Dunn’s Foundation for the Advancement of Right Thinking gave away over $3 million in grants in 2004 alone, with much of that money going to organizations associated in some way with Mr. Milloy or people he knows: $445,000 to the CEI, $370,000 to the Institute for Justice (see Arthur Dantchik below), $370,000 to PERC, $308,000 to the Reason Foundation, $185,000 to the Cato Institute, and $25,000 to the AEI. Some of the other backers for both the CEI, PERC, and Reason Foundation have been the Charles G. Koch and the David H. Koch Charitable Foundations. The Charles G. Koch foundation funds the CEI and PERC to the tune of almost $60,000 and $15,000 respectively. The David H. Koch foundation granted $315,000 to the CEI between 1995 and 2001 and over $1.5 million to the Reason Foundation between 1986 and 2001.

The next largest shareholder in the FEAFund is Arthur Dantchik of Bela Cynwyd, Pennsylvania. Mr. Dantchik is one of the founders of the Susquehanna Investment Group and is a Director for the Institute for Justice. He works with fellow FEAFund shareholder and Cato Institute director/senior fellow Robert A. Levy (see below) at the aforementioned Institute for Justice. In addition, he is on the board of directors for another FEAFund shareholder, the Claws Foundation. According to Claws Foundation’s 2006 IRS Form 990-PF, one of Mr. Dantchik’s fellow Claws Foundation directors is a co-founder of the Susquehanna Investment Group and director of the Cato Institute, Jeffrey Yass. The other director of the Claws Foundation is Alan P. Dye, a director of Freedom House and legal counsel to the Ron Paul for President campaign. The Claws Foundation itself is not a political organization – it exists largely to fund medical research.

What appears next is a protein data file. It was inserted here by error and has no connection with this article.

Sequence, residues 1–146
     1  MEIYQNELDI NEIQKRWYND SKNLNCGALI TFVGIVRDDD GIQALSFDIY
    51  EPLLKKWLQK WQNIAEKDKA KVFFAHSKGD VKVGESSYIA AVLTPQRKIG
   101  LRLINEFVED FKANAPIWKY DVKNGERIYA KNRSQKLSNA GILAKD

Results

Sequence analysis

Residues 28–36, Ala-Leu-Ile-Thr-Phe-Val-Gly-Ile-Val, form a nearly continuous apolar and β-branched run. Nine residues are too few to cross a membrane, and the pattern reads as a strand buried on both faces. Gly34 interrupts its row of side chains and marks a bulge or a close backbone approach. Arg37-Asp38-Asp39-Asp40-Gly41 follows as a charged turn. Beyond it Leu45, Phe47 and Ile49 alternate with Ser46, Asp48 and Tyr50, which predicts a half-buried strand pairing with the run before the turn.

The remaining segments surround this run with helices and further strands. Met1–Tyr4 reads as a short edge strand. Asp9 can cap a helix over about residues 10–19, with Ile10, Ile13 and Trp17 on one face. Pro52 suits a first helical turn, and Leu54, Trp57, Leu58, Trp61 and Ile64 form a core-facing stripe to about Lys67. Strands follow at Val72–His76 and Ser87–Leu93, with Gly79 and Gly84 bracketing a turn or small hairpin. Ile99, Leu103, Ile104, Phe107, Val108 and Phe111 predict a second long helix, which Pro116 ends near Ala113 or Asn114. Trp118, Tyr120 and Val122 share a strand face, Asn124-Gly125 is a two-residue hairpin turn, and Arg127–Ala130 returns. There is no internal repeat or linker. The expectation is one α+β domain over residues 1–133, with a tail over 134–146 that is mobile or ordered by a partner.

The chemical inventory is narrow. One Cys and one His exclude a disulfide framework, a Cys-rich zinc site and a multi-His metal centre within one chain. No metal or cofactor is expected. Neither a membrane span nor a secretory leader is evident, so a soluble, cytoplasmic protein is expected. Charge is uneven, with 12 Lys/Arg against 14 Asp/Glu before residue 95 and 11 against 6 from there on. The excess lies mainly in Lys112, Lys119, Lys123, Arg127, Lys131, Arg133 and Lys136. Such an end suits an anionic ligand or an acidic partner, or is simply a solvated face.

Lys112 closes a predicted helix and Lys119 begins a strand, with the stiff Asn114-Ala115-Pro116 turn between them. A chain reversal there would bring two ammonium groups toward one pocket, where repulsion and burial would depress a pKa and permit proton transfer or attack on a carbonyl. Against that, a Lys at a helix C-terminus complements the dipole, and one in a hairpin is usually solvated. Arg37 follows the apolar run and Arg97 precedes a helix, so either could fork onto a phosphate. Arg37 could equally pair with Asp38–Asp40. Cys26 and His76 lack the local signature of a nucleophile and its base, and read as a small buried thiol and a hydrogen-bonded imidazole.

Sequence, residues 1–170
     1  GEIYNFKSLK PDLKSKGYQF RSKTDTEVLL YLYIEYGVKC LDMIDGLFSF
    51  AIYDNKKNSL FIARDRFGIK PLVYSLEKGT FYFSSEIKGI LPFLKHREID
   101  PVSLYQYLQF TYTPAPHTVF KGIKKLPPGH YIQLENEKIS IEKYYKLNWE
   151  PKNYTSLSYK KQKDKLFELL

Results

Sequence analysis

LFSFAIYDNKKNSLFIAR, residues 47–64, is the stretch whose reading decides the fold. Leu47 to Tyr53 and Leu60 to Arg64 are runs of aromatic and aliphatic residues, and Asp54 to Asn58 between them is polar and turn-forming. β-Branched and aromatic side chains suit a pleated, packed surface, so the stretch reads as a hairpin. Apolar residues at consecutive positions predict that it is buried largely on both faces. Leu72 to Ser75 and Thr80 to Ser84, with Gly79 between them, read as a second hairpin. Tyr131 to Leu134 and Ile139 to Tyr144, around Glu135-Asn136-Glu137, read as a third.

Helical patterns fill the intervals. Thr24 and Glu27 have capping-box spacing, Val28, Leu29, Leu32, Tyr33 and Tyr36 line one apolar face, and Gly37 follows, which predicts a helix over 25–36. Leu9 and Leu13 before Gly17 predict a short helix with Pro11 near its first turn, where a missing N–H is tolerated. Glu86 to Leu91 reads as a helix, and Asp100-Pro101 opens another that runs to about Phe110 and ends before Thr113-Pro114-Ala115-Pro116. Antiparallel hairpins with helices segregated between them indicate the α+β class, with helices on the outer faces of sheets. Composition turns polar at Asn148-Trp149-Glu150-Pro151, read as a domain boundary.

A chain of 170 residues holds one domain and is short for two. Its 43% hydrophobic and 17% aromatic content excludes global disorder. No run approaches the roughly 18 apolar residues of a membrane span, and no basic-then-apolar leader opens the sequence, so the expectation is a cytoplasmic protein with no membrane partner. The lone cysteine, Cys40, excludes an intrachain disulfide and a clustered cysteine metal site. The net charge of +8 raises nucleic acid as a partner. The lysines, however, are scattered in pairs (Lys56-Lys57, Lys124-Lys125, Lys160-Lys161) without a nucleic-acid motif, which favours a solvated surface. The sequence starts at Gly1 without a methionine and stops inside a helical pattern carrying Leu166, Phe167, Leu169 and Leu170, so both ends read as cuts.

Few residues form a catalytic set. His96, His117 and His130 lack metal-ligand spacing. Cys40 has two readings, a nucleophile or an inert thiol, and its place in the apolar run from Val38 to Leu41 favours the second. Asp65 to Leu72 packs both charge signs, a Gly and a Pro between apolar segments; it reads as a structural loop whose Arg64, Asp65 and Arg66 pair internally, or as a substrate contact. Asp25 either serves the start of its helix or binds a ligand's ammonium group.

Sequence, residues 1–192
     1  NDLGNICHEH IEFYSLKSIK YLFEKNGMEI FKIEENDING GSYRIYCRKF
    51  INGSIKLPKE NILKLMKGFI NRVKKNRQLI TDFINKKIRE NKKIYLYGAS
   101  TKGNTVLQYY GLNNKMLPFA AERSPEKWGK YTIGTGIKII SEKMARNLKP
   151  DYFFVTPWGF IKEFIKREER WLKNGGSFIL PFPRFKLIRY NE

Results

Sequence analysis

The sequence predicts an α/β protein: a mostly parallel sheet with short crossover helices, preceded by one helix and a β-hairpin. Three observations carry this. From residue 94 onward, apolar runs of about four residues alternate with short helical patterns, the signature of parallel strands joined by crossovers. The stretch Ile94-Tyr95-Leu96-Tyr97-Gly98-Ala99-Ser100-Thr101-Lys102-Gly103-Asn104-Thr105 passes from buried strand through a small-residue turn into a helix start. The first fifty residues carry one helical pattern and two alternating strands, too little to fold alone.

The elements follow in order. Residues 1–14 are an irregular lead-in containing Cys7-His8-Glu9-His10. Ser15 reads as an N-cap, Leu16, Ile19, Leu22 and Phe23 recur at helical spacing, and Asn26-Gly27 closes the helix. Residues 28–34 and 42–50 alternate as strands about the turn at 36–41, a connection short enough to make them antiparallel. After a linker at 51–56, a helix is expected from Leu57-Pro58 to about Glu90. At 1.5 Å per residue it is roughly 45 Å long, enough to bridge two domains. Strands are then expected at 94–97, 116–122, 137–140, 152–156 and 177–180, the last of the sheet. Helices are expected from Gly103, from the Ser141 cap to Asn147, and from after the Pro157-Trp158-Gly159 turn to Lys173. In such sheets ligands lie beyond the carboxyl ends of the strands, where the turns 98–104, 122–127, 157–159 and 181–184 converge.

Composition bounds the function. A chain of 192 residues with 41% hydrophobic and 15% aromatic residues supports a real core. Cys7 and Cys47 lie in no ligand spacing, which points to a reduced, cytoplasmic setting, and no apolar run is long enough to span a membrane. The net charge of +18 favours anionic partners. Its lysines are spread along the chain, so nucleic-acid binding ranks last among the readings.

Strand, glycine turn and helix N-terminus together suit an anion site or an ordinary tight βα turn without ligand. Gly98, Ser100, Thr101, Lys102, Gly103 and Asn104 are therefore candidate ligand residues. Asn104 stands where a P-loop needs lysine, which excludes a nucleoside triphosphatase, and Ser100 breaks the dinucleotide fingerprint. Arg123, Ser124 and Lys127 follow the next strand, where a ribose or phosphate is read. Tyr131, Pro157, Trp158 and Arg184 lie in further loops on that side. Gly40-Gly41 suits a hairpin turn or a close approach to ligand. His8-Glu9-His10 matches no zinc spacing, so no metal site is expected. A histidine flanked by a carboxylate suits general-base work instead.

Since 1999, Mr. Dantchik has given over $263,000 to conservative causes, including approximately $22,000 to 2004 congressional candidates outside of his own state of Pennsylvania. Mr. Dantchik’s Institute for Justice has received a total of $265,000 in donations from the Charles G. Koch Charitable Foundation from 1986 through 2005, another $1.35 million from the David H. Koch Charitable Foundation between 1995 and 2001, and over $1.1 million from the Sarah Scaife Foundation between 1992 and 2005. The Institute for Justice also received over $2 million from The Lynde and Harry Bradley Foundation between 1992 and 2005, a massive conservative foundation that has also given extensively to the AIE (over $17 million between 1987 and 2005), the National Center for Policy Analysis (nearly $1.5 million), the Reason Foundation (nearly $1 million), the Cato Institute (about $860,000), the CEI (about $770,000), PERC (about $600,000), and the Thomas L. Phillips’ Philips Foundation (about $560,000), all between the mid 1980s and 2005.